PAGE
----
The trust is set to be broken up and its assets distributed to surviving heirs after the death of the founder's last surviving grandchild, Robert Scripps, who is in his 90s.
Some speculate that a sale, if it were to occur, wouldn't likely happen until after the break-up since not all Scripps' heirs have the same affinity for the business as prior generations.
While acquisition rumors swirl around it, Scripps Networks is focused on improving the businesses it has. High on the list is the Travel Channel, its third and slower-growing flagship.
In the second quarter, Travel Channel revenue grew 4.9% vs. the year earlier to $73.8 million. The Food Network, in contrast, put up 17% growth, for $218 million. HGTV grew 8.4% to $205 million.
"Travel Channel is where we see the biggest opportunity for the growth of the company," said spokesman Kroeger. "Defining that brand and genre is the company's leading priority."
Though the Travel Channel is losing globe-trotting "No Reservations" star Anthony Bourdain to CNN, it will be running a host of new programs including "Hotel Impossible," "Baggage Battles," "Trip Flip" and "Top Spot."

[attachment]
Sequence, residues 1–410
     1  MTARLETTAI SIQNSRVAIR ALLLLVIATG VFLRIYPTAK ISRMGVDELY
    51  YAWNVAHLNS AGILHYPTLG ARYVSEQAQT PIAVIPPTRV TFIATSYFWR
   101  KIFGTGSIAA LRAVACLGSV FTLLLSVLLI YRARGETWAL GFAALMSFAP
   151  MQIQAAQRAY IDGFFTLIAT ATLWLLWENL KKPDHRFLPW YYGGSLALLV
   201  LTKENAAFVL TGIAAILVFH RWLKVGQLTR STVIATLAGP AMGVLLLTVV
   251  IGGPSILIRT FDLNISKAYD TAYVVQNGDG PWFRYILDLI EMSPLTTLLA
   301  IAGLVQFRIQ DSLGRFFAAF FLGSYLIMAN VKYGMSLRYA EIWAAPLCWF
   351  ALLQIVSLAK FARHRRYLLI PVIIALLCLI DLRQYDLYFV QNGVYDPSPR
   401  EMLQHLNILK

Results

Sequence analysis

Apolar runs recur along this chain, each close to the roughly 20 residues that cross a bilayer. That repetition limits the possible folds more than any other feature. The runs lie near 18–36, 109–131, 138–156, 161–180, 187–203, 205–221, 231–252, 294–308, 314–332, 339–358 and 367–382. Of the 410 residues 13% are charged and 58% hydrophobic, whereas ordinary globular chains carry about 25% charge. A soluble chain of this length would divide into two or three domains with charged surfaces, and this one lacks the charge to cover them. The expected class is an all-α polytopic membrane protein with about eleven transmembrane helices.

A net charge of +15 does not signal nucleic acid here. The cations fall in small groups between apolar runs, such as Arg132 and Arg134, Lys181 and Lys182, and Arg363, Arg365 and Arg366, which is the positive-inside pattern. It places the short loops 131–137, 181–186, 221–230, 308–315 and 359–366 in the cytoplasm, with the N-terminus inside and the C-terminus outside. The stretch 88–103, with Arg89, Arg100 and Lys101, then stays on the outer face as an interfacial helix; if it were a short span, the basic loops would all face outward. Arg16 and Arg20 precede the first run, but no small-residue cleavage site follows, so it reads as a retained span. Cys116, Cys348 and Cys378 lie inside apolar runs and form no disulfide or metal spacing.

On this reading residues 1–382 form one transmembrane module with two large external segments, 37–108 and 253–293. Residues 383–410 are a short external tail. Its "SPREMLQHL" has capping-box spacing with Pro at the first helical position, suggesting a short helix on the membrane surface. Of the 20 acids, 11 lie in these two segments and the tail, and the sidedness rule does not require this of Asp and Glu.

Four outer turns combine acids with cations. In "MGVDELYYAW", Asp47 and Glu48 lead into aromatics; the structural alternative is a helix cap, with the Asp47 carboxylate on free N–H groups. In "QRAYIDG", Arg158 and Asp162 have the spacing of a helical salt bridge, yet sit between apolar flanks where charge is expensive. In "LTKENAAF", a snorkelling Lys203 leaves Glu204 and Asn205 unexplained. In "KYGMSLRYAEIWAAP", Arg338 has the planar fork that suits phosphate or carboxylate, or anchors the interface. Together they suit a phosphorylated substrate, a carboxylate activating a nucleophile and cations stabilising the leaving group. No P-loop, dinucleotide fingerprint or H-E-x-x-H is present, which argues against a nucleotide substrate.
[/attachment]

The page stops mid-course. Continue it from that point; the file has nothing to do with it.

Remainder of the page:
Scripps Networks acquired the Travel Channel in late 2009 to complement its home and food categories. It recently acquired U.K.- based Travel Channel International to help build a global travel platform.
"It's the lowest-hanging fruit," Handler said of the Travel Channel.
Meanwhile, Scripps' premium flank brands, the Cooking Channel and DIY Network, are cooking up strong growth.
Revenue in Q2 at DIY, which features rap-star-turned-contractor Vanilla Ice, grew 16% to $33.7 million while the Cooking Channel rose 41% to $22.4 million.
Scripps' one glaring laggard, Great American Country, is being tweaked with new country-lifestyle touches, Kroeger says. The music channel posted a 15% drop in revenue in Q2, to $5 million.
If it won't return value to shareholders through a sale, Scripps is doing so through share buybacks. A recently approved $1 billion share-buyback program follows a $1 billion one completed in Q2.
Meanwhile, shareholders have plenty of other good news to keep them content. Ad revenue in the second quarter rose 12% to $417 million while affiliate fees jumped 16% to $171 million.
Profit grew 19% to 93 cents a share. Analysts forecast full-year earnings of $3.37 a share, up 17% from a year earlier, according to Thomson Reuters. That takes into account higher programming expenses, which are expected to rise 13% to 15% in 2012.
CEO Kenneth Lowe said in the second-quarter conference call that the firm "broke through the $1 billion threshold" in total ad business booked for the first time in the company's history.
That puts it "in the same league with a very short list of other programming groups," he said.
Ad revenue is growing faster than the 5% growth in the overall cable industry.
"Clearly, we've created a distinct competitive advantage by uniquely defining and staying true to the lifestyle content categories that we own and it's paying off," Lowe said in the